The tube anemone Isarachnanthus nocturnus is only 15 cm long but has the largest mitochondrial genome of any animal sequenced to date, with 80,923 base pairs. The human mitochondrial genome (mitogenome), for example, comprises 16,569 base pairs.
Tube anemones (Ceriantharia) are the focus of an article recently published in Scientific Reports describing the findings of a study led by Sérgio Nascimento Stampar, a professor in São Paulo State University’s School of Sciences and Letters (FCL-UNESP) at Assis in Brazil.
The study was supported by FAPESP via a regular grant for the project “Evolution and diversity of Ceriantharia (Cnidaria)” and via its program São Paulo Researchers in International Collaboration (SPRINT) under a cooperation agreement with the University of North Carolina (UNC) at Charlotte in the US.
The mitogenome is simpler than the nuclear genome, which in the case of I. nocturnus has not yet been sequenced, Stampar explained. The human nuclear genome comprises some 3 billion base pairs, for example.
Another discovery reported in the article is that I. nocturnus and Pachycerianthus magnus (another species studied by Stampar’s group, 77,828 base pairs) have linear genomes like those of medusae (Medusozoa), whereas other species in their class (Anthozoa) and indeed most animals have circular genomes.
I. nocturnus is found in the Atlantic from the coast of Patagonia in Argentina as far north as the East Coast of the US. P. magnus lives in the marine environment around the island of Taiwan in Asia. Both inhabit waters at most 15 m deep.
“I. nocturnus’s mitogenome is almost five times the size of the human mitogenome,” Stampar said. “We tend to think we’re molecularly more complex, but actually our genome has been more ‘filtered’ during our evolution. Keeping this giant genome is probably more costly in terms of energy expenditure.”
The shape of the mitogenomes in these two species of tube anemone and the gene sequences they contain were more surprising than their size. Because they are closely related species, their gene sequences should be similar, but I. nocturnus has five chromosomes while P. magnus has eight, and each has a different composition in terms of genes. This kind of variation had previously been found only in medusozoans, sponges, and some crustaceans.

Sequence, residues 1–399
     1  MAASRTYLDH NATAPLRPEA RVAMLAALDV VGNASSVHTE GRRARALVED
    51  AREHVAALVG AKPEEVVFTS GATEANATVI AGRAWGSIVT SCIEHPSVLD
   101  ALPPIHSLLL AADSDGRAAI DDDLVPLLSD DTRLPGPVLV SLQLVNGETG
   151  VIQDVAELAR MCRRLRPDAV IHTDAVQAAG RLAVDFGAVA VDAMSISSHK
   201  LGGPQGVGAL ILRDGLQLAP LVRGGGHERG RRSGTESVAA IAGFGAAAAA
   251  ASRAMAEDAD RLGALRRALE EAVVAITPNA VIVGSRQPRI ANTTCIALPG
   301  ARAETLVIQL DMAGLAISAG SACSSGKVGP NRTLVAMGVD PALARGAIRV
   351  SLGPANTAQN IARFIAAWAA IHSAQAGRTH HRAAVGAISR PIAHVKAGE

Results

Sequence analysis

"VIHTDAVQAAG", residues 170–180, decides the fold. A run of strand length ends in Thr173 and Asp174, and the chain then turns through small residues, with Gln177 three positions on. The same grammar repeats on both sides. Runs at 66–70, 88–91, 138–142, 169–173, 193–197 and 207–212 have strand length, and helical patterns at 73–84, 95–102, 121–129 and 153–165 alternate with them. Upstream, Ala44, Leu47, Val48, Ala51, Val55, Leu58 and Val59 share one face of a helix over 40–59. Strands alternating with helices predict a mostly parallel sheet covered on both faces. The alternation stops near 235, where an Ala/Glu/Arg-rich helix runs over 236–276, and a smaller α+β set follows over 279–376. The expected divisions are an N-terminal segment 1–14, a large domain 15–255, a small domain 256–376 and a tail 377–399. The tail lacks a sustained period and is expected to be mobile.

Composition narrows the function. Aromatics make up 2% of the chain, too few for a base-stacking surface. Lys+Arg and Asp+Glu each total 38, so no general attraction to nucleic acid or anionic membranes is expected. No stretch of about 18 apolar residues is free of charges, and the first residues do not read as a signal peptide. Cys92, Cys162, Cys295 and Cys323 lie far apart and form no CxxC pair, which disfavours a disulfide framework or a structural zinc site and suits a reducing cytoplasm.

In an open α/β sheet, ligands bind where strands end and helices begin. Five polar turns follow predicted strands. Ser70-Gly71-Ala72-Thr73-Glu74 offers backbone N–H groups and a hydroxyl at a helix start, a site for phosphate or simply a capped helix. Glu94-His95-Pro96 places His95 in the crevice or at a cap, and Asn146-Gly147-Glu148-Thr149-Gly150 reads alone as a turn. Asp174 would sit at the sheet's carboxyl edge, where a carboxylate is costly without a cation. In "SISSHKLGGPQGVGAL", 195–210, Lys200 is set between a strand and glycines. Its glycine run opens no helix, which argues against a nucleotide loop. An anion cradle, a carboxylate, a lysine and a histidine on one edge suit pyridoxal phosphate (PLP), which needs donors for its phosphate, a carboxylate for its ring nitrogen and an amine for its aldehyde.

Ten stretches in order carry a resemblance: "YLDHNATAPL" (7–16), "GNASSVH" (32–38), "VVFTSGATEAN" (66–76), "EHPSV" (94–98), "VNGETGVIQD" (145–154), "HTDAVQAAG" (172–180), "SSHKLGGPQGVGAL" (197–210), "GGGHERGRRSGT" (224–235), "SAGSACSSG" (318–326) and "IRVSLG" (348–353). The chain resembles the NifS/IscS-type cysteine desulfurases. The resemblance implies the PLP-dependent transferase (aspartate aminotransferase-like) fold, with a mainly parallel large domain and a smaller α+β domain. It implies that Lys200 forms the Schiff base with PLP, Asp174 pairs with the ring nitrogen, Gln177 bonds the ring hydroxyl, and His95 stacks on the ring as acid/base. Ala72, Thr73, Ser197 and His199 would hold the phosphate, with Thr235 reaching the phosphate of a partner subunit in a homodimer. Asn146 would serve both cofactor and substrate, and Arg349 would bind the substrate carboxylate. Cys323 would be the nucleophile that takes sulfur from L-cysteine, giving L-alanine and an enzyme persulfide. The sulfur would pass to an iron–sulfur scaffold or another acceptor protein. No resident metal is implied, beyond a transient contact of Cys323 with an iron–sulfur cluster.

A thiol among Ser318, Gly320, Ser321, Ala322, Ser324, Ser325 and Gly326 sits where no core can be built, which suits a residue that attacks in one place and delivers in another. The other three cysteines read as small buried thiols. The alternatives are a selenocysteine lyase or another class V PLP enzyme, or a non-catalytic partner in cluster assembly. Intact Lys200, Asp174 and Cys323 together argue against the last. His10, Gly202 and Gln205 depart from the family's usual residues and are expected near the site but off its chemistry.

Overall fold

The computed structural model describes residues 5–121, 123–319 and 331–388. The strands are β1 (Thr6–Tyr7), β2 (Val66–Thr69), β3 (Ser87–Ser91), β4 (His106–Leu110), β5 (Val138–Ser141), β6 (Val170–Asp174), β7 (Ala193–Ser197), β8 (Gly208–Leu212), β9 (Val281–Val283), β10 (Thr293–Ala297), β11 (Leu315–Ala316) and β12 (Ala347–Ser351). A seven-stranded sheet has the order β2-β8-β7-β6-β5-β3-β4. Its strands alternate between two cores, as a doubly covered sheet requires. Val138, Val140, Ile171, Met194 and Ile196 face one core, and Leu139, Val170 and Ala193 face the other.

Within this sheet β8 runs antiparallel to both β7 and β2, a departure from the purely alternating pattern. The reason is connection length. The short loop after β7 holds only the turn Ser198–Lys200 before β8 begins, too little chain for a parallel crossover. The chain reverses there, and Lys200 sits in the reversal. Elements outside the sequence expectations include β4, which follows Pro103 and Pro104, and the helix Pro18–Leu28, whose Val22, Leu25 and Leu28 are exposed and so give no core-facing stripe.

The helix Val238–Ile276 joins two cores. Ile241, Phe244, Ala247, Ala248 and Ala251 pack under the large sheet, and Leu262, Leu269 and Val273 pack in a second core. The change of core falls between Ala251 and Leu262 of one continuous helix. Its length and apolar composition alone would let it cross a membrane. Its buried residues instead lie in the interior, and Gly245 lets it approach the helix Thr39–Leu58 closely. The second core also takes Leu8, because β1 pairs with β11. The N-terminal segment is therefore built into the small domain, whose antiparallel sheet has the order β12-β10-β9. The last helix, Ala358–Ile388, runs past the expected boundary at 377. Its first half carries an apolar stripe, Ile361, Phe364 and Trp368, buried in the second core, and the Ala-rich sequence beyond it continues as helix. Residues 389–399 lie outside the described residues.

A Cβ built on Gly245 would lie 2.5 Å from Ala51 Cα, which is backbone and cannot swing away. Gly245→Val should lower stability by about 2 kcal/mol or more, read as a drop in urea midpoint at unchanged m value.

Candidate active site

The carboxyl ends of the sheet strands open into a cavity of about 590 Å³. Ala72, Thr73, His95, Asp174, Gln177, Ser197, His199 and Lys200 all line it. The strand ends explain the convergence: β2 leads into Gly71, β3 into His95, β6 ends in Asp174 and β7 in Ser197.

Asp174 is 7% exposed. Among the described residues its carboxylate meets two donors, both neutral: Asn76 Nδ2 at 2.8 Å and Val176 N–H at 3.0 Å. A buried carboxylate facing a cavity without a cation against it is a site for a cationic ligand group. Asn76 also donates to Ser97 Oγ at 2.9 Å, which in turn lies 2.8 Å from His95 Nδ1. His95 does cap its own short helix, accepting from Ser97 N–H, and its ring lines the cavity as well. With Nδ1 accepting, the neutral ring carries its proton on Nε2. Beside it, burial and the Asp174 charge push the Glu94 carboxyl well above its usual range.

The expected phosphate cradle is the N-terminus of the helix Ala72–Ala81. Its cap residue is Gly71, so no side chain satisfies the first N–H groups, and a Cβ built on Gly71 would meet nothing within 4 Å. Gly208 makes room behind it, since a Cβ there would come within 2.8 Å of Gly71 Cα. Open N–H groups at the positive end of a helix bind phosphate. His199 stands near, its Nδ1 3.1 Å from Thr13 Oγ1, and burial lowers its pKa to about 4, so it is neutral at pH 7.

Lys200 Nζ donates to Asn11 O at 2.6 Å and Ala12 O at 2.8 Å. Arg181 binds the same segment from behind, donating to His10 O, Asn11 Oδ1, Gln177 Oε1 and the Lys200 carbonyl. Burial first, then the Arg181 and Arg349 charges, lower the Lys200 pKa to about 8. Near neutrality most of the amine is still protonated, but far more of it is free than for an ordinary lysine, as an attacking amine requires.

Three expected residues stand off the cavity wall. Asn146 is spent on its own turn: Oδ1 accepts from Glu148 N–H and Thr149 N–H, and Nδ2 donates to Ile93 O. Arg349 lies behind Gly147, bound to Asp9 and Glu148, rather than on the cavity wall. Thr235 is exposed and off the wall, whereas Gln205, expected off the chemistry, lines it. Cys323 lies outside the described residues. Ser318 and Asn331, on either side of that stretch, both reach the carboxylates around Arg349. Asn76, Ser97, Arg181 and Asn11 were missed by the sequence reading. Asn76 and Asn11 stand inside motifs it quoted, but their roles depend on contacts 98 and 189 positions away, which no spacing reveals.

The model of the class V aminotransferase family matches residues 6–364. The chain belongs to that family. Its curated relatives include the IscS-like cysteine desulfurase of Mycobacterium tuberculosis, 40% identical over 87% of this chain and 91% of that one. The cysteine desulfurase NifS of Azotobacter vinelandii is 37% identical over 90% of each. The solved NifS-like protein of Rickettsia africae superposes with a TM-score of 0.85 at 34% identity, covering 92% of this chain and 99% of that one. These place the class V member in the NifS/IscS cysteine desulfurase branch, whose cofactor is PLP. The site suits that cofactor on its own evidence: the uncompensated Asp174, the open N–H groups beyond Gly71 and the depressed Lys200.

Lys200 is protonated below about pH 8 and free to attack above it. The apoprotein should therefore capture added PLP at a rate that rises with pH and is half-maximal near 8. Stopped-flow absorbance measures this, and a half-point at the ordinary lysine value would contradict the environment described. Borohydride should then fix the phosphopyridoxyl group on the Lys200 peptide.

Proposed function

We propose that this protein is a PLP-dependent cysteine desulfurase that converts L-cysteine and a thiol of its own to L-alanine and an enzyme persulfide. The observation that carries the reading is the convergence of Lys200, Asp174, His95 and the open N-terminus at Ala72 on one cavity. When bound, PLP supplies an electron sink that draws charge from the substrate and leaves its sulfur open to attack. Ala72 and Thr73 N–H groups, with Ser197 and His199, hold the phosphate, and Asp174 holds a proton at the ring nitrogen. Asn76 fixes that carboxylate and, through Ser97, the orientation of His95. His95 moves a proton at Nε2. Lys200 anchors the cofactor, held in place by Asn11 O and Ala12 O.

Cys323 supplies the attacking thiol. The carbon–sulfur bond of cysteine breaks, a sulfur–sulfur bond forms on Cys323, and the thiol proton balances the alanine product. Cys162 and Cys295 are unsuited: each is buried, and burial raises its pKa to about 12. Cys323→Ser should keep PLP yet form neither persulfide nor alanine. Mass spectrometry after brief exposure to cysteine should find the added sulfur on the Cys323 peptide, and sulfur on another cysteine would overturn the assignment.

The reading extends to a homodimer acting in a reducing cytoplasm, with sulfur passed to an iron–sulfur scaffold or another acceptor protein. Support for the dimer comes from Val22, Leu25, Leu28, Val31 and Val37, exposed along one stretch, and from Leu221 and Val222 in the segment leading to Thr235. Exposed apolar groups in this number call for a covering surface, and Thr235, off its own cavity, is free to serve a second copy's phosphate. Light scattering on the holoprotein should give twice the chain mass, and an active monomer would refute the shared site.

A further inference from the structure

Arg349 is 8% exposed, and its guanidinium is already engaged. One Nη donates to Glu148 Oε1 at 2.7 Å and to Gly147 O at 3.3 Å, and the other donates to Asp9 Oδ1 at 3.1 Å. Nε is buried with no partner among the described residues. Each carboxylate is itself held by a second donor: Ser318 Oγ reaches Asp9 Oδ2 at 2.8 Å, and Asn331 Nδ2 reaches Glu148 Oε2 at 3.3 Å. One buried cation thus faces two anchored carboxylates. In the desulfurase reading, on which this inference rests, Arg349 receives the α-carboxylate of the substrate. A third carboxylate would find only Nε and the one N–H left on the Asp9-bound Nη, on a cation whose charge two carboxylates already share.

“Humans and bony fish species are more similar than these two tube anemones in terms of the structure of their mitochondrial DNA,” Stampar said.
São Paulo coast and South China Sea
To arrive at these results, the researchers captured specimens in São Sebastião, which lies on the coast of São Paulo State in Brazil, and off Taiwan in the South China Sea. Small pieces of the animals’ tentacles were used to sequence their mitogenomes.
The genomes of the two species hitherto available from databases were incomplete owing to the difficulty of sequencing them. After completing the study, the researchers published the genomes by gifting them to GenBank, a database maintained in the US by the National Center for Biotechnology Information (NCBI) at the National Institutes of Health (NIH).
Another obstacle to sequencing was the difficulty of collecting these animals because of their elusive behavior. In response to any potential threat, a tube anemone hides in the long leathery tube that distinguishes it from true sea anemones, making capture impossible.
“You have to dig a hole around it, sometimes as deep as a meter, and stop up the part of the tube buried in sand. All this must be done under water while carrying diving gear. Otherwise, it hides in the buried part of the tube and you simply can’t get hold of it,” Stampar said.
Thanks to the support of FAPESP’s SPRINT program, Stampar and Marymegan Daly, a research colleague at Ohio State University in the US, established a partnership with Adam Reitzel and Jason Macrander at UNC Charlotte. Macrander, then a postdoctoral researcher under Reitzel, is a professor at Florida Southern College.
Reitzel and Macrander specialize in the use of bioinformatics to filter genomics data and assemble millions of small pieces of mitochondrial DNA into a single sequence. They used this technique to arrive at complete mitochondrial genomes for both species.
“In this technique, you sequence bits of the genome and link them in a circle. The problem is that this only works with circular genomes. Because we couldn’t find a piece to close the circle, we realized the genome had to be linear, as it is for Medusozoa,” Stampar said.
The discovery makes way for a possible reclassification of cnidarian species (hydras, medusae, polyps, corals and sea anemones). The tube anemones studied appear to form a separate group from corals and sea anemones and display some similarities to medusae.
However, more data will be needed before a definitive conclusion can be reached. The necessary data could come from the sequencing of these species’ nuclear genomes, which Stampar and his group intend to complete by the end of 2019.
The article “Linear mitochondrial genome in Anthozoa (Cnidaria): a case study in Ceriantharia” (doi: 10.1038/s41598-019-42621-z) by Sérgio N. Stampar, Michael B. Broe, Jason Macrander, Adam M. Reitzel, Mercer R. Brugler and Marymegan Daly can be read at www.nature.com/articles/s41598-019-42621-z.